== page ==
Heroes at Home

Recently, I’ve been writing about heroism.  We often identify with them because we see in them the character qualities that we would like to see in ourselves.  Little boys who dream of being a fire fighter and little girls who dream of being a ‘mama’ are just reflecting their desire to be like those who seem heroic to them.  However, as we get older, unless forced, we don’t do much that seems heroic to us.  That can cause people (especially men) to compensate by identifying with those who seem ‘more’ heroic (i.e. professional athletes and teams).

As a Tennesseean, I've watched and respected Peyton Manning since 1994.

As a Tennesseean, I’ve watched and respected Peyton Manning since 1994.

Our everyday lives may seem ‘unheroic’ but there are some questions you can ask yourself in pursuit of ‘personal heroism’:

1) What are you fighting for?  Whoa!  When’s the last time you asked yourself that?  If your immediate, internal answer includes the word ‘my’ then take a closer look.  Heroes are fighting for a cause; a big picture, life changing, thing.  If you’re fighting for something as small as your comfort or your rights, you probably don’t feel very heroic.  I know that when I am just focused on my needs I get miserable pretty quick.  I often have to remind myself that I am trying to fight for my wife and our marriage, my childrens’ future as productive and caring adults, and the future of my company which provides jobs to thousands of people.  You?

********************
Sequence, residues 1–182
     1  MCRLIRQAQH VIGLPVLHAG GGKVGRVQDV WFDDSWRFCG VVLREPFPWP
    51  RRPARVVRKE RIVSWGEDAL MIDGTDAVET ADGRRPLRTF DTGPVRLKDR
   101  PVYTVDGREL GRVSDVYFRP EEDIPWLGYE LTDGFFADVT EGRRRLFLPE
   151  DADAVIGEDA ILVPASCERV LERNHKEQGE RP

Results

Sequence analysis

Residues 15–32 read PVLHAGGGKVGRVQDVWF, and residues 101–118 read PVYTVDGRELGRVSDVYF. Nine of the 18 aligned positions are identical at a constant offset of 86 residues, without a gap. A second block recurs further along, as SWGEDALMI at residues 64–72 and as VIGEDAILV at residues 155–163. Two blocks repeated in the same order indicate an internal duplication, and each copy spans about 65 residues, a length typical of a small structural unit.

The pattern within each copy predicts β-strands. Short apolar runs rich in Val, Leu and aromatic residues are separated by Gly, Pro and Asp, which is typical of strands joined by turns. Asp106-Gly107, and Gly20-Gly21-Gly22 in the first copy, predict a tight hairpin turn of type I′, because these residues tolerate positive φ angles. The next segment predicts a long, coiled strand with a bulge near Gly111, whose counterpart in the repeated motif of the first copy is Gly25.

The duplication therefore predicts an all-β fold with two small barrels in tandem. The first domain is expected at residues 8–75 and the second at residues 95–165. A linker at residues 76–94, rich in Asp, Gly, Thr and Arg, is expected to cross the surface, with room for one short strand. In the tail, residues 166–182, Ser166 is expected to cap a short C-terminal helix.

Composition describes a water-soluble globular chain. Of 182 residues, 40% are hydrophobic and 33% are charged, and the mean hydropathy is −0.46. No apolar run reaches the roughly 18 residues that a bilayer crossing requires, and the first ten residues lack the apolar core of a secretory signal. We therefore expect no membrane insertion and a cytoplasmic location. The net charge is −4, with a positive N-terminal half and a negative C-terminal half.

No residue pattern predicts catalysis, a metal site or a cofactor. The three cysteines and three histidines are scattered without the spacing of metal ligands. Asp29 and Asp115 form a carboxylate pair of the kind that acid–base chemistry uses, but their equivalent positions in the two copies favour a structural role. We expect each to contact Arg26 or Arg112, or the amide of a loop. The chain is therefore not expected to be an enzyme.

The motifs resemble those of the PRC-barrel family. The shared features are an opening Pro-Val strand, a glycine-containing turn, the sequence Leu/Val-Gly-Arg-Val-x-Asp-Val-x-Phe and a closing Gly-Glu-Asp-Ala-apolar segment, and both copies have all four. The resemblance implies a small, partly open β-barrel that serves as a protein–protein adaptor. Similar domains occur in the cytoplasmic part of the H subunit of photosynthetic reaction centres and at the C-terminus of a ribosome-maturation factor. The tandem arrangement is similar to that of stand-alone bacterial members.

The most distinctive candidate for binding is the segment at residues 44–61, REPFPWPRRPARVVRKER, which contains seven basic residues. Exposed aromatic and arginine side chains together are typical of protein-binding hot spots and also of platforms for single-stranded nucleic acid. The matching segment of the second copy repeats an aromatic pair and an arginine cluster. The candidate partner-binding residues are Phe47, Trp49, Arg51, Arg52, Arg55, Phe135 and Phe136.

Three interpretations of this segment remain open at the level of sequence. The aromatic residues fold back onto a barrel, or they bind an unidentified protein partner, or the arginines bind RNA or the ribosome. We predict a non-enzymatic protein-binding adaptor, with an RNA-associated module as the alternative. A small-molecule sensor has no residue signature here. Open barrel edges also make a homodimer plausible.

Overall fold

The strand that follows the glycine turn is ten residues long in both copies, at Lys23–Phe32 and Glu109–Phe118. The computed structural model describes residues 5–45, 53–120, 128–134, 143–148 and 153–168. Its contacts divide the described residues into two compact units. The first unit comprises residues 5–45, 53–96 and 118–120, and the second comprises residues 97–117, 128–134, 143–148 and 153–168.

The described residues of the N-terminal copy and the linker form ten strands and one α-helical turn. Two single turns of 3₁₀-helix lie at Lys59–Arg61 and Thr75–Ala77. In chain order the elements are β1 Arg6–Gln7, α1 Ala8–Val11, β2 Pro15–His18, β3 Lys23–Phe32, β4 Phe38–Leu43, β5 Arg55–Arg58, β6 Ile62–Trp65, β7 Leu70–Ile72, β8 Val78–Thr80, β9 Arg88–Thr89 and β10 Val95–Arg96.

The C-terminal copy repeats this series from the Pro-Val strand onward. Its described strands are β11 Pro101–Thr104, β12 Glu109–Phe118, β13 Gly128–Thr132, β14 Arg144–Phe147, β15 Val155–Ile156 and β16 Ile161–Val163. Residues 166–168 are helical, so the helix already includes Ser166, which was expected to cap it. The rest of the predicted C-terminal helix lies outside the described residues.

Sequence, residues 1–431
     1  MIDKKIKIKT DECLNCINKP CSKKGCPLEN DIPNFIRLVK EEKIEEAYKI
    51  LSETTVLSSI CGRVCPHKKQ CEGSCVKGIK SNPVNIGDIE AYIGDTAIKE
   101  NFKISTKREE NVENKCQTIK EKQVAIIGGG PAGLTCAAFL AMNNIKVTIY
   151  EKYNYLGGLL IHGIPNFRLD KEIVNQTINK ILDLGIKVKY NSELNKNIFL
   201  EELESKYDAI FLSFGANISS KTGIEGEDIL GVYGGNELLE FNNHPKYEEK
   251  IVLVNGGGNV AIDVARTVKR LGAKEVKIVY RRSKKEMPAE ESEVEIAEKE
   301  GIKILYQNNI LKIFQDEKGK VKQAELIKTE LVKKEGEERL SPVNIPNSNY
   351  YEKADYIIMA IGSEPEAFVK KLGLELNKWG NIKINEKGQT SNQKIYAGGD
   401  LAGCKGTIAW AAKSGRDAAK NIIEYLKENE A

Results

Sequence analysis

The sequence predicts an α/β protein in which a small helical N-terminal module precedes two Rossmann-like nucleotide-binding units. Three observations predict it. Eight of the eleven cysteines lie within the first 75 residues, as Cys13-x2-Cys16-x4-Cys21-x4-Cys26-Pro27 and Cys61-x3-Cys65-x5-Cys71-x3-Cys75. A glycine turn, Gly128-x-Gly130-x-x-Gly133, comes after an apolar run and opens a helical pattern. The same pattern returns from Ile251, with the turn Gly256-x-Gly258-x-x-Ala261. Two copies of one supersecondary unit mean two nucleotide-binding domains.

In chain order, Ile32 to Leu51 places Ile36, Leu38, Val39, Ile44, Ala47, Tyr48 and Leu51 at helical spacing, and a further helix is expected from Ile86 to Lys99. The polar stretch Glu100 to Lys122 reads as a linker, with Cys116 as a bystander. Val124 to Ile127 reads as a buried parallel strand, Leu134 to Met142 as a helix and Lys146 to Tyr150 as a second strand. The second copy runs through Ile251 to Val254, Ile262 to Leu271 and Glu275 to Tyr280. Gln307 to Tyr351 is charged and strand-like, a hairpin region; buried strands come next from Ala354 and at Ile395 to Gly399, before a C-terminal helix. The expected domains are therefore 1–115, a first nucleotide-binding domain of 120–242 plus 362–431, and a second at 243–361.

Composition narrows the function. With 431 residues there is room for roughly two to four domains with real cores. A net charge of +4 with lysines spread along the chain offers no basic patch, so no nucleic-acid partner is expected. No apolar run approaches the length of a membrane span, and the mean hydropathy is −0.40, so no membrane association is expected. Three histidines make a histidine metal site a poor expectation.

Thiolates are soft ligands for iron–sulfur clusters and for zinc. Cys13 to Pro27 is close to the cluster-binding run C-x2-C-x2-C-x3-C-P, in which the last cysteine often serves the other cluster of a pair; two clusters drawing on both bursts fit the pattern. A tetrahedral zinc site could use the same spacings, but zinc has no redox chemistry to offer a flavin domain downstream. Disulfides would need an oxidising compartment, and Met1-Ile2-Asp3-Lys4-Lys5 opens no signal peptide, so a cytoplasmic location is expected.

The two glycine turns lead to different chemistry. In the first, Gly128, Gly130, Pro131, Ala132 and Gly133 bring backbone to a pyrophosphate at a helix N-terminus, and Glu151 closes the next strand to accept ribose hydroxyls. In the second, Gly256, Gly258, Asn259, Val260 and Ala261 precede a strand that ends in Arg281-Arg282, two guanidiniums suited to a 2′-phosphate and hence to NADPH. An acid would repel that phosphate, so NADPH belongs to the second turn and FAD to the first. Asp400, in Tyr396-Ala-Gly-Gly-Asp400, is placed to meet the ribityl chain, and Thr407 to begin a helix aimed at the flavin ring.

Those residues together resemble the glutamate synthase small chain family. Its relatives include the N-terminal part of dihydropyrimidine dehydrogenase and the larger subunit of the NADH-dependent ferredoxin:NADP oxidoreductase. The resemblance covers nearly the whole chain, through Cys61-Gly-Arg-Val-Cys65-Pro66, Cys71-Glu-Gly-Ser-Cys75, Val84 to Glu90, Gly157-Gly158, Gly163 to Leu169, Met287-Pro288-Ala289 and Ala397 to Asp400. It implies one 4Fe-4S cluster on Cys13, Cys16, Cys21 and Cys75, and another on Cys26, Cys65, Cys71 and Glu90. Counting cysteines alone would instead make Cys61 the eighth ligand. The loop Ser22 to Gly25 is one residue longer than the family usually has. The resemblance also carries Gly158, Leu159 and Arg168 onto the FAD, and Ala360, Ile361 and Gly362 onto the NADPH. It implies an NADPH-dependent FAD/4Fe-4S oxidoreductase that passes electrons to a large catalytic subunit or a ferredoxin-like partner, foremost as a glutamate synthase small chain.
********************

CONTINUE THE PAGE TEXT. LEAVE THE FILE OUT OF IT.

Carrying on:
2) Who are your enemies?  If you’re a soldier or athlete, that can be a simple question…the other guys.  For the rest of us, who are we fighting?  When my ‘rights’ to sleep in, sit on the couch and watch football, or do what I want to do are trampled on, it’s easy for me to think that my enemies live right under my roof!  That can cause some colossal and frustrating fights.  When I realize that my main enemy is most likely me and my sense of self-entitlement, I have an internal battle to focus on.

3) How do you fight?  Heroes control their emotions and my biggest fight can be to react to what I perceive as battles with love.  That frustrating co-worker?  They’re going through a tough time at home.  If I jump all over them in an argument, I haven’t gained a friend, I’ve created an enemy.  The same goes with my family.  My son who’s feeling inadequate to do a school project needs love, not a drill sergeant…even if my tendency is drill sergeant.

When you feel like a traitor to yourself or others, assess the situation and answer these questions.  In fact, just one question might set you on the path to some pretty heroic actions.  Which question would that be for you?

Image courtesy nfl.si.com

Posted on January 30, 2014, in Heroes. Bookmark the permalink. 3 Comments.

  1. Great thoughts here. I don’t usually think of myself as needing to be a “hero” or having “enemies.” But it’s the truth. I appreciate your encouragement to consider thinking about what I need to fight for.

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